HireMyVA Podcast

HireMyVA Podcast 37- How do I handle mistakes that my team makes? And then when I make the mistake?

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Dave Braun
00:00:00
Hey, everybody. Welcome to the HireMyVA Team and Business Building Podcast, where we help you to reclaim your freedom through hiring and thriving with virtual assistants without breaking the bank, without breaking your bank. Who was the guy laughing at me in the background? Actually, I made a mistake. This is going to be perfect for this episode. I like how I recovered.

Larry Broughton
00:00:27
It was awesome man, smooth.

Dave Braun
00:00:30
So anyway, that other guy there is Larry Broughton and I’m Dave Braun, and welcome to HireMyVA and so many other things. We’re so excited to be able to talk about this great subject today with you guys.

Larry Broughton
00:00:44
Hey Dave, how are you, buddy? I love ya. Glad we’re here.

Dave Braun
00:00:47
Well, it’s my son’s 34th birthday and—

Larry Broughton
00:00:54
That’s awesome.

Dave Braun
00:00:55
Well, let’s dive into this. Are you ready?

Larry Broughton
00:00:57
Yeah. I liked this topic by the way. So let’s hear the question for everybody.

Dave Braun
00:01:01
Okay. So it’s kind of like two parts, right? It’s as a leader in my organization, especially as a CEO, how do I handle mistakes that my team makes? That’s kind of like part one. The other part is, how do I handle things when I make mistakes? Let’s say, you Larry.

Larry Broughton
00:01:23
Well, it’s very interesting. Just on, I did a quick social media post on this video a couple of years ago, and it just got re-posted a few days ago. And let me start out with that. There are kind of a few elements, very quickly. And then we kind of maybe rip off of that. I think Dave, the first thing is just, we have to accept that mistakes are gonna happen because we are dealing with humans and we are humans. Mistakes are going to happen in business, right? And so we have to learn some tolerance around mistakes. The second thing I would say, and this has to do, particularly for us is that we have to develop a culture where our team members, including ourselves, accept responsibility when they make a mistake. And again, we can rip on these after I kind of list these.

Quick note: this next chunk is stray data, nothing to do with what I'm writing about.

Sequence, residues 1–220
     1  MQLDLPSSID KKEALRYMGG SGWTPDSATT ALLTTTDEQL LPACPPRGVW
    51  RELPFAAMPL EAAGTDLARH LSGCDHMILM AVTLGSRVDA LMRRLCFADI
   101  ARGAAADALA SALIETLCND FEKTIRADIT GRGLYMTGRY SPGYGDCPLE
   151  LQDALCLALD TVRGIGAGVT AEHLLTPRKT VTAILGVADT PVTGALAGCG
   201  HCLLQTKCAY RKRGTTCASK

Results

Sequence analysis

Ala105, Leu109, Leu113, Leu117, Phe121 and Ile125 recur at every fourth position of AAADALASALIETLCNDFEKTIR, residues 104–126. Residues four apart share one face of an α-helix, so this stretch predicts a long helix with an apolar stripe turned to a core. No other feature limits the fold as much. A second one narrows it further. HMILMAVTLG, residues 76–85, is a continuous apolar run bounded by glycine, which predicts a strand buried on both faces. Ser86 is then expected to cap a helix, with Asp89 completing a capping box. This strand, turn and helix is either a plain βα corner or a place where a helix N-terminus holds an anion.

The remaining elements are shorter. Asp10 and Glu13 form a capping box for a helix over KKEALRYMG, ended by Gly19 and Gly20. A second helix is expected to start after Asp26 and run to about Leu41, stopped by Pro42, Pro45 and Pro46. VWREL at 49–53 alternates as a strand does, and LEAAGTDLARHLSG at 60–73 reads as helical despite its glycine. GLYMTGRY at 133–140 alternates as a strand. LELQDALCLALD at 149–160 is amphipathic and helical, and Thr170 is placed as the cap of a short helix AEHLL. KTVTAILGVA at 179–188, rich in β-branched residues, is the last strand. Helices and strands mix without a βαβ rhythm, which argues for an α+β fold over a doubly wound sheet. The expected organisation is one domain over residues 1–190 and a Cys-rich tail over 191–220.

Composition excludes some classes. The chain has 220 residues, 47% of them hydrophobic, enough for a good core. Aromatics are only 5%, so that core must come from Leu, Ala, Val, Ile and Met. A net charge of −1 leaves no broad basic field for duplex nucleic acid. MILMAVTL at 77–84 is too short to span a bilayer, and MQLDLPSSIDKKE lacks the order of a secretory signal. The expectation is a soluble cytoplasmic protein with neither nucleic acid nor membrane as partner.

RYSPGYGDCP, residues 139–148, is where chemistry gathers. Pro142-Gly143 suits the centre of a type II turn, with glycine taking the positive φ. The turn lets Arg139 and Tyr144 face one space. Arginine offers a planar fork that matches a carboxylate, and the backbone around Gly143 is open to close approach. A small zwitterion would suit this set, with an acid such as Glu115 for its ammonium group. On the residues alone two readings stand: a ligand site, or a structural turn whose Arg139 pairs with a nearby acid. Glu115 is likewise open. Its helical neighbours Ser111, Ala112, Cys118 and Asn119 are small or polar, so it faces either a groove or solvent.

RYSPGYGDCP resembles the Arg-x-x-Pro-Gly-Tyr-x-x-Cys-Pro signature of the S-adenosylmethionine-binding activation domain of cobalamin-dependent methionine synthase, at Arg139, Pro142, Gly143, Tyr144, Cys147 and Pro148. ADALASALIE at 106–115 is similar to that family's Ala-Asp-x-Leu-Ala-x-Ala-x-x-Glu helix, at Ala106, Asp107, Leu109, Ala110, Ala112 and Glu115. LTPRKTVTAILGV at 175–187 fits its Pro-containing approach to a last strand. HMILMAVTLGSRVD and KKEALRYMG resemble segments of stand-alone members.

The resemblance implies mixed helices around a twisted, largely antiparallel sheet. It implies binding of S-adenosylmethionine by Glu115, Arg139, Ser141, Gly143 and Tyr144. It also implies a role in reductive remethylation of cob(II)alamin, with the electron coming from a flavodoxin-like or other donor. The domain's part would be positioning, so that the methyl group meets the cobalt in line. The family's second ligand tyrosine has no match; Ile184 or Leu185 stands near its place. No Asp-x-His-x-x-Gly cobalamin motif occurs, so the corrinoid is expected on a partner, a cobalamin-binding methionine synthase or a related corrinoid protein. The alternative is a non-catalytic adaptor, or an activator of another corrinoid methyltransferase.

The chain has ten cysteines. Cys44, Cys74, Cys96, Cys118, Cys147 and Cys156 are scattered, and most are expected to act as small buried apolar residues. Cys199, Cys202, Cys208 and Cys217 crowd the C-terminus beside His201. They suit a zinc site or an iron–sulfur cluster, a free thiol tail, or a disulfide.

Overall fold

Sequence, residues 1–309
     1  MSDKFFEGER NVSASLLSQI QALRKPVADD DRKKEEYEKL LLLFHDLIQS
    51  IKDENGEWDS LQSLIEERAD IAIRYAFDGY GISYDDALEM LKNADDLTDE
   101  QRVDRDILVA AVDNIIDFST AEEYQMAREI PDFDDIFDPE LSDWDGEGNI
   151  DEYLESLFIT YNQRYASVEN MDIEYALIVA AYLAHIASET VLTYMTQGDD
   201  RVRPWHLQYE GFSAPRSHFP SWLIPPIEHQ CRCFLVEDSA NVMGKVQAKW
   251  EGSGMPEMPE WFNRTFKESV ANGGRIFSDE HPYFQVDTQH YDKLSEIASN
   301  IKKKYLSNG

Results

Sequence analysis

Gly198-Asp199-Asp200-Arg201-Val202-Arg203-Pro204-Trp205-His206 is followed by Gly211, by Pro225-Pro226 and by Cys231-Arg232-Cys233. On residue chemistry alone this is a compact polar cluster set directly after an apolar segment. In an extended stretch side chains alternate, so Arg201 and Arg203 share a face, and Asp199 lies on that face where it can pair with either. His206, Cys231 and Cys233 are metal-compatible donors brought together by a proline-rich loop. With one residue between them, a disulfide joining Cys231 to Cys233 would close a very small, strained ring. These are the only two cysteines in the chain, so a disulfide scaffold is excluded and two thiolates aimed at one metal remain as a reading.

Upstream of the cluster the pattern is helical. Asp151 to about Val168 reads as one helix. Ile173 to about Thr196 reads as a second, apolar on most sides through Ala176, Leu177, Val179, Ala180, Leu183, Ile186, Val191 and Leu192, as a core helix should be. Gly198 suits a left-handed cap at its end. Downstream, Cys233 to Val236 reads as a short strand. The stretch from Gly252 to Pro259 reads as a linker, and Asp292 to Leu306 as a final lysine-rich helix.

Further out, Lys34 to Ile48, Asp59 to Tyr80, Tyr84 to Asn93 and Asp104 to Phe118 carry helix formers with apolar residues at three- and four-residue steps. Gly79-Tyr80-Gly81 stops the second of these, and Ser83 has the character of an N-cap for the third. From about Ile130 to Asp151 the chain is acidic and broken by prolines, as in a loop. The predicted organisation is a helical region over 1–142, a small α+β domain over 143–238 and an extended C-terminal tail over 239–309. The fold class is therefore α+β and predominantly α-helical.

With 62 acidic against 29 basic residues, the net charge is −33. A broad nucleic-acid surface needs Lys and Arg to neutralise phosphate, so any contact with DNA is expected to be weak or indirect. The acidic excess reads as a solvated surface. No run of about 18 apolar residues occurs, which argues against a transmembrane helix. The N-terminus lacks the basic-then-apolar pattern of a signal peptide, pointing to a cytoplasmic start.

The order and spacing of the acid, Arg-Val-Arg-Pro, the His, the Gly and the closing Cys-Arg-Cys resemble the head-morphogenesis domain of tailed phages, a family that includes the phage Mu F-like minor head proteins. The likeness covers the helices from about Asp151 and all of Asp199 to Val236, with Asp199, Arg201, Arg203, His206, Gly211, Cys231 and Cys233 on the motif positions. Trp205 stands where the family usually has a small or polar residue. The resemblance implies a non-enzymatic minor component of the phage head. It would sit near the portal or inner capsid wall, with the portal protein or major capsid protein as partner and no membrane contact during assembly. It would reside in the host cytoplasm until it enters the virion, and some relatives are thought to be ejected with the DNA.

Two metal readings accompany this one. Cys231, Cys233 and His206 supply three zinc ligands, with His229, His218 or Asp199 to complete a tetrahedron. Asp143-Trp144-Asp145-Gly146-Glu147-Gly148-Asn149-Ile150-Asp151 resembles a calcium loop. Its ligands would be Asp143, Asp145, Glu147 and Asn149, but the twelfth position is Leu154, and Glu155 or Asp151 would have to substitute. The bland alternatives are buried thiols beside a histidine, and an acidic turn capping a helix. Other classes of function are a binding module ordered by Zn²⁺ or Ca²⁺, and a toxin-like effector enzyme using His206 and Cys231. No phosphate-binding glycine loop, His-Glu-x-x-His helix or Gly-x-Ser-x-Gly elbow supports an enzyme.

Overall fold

Larry Broughton
00:02:17
The next thing is once we’ve made the mistake and identified the mistake and hopefully even learned from mistake, we have to jettison all the emotional baggage that goes with it. You know that “oh, I’m so stupid” or “I’m always going to make these mistakes” that has to go out the flipping window. We’ve got to jettison that and just say, that’s part of the past, that’s not who I am today, I’ve learned from it, I’m moving forward. But the key to doing that is we have to make sure —and this is the kind of number four, we have to understand why and how that mistake was made, and then learn from it. But there are certainly some do’s and don’ts about dealing with mistakes. We can get into that in a little bit, but we can start off the conversation with those four or five different things there. What do you think about that? Good starting point?

Dave Braun
00:02:58
Yeah, that’s a great one. Well, let me tell you a story about what happened in my organization just recently. So, you know, Pro Website Creators, we do a few other things, and one of my team members, he did some updates on the site and it broke the site and he was really mortified at what happens, like, “oh my gosh, I’m never gonna do this again”. So we talked about it beforehand. It’s like I said, yeah, go ahead and do that. Just make sure you have a backup in case something goes wrong. Right? So, I think that’s an aspect of when you do things as a team member or as you know, in your organization yourself. You need to understand what the potential consequences could be when you do more mistake, you don’t have the backups there. So we had them, but there was something still that he was still really, really upset about it.

Dave Braun
00:03:50
And I was like, well, if it needs being, we can always recover. Right? And these things happen. You didn’t do anything that was wrong. You did everything right. It’s just, these things happen sometimes. Right? So I think there’s an aspect of it that as we talked about ahead of time, that there’s, you know, some of the folks might internally be a little bit too— How do I say this, to not squeamish, but to too scared to do stuff, or they’re mortified if something goes wrong. And I think what’s going to happen is if we, as leaders, don’t address that in our organization, no matter who it is, we’re going to be really holding our organization back.

Larry Broughton
00:04:36
Well, listen. Dave, can I interrupt here for a second? This program is not just about hiring a VA. This program is about how to help people become better leaders and better entrepreneurs, so they have more success with their VAs. We want people to have total freedom, right? So this is a bigger issue. The truth is the insight that we’re talking about here today, you’re not going to hear in any other VA program, you’re just not going to find it. So here’s part of the problem though. And here’s the great thing, If every person who is taking this program takes our entrepreneurial and leadership advice and you know, you and I have been named one of the top mentors in the country when it comes to entrepreneurship and leadership people. We have done this before, this is not our first rodeo.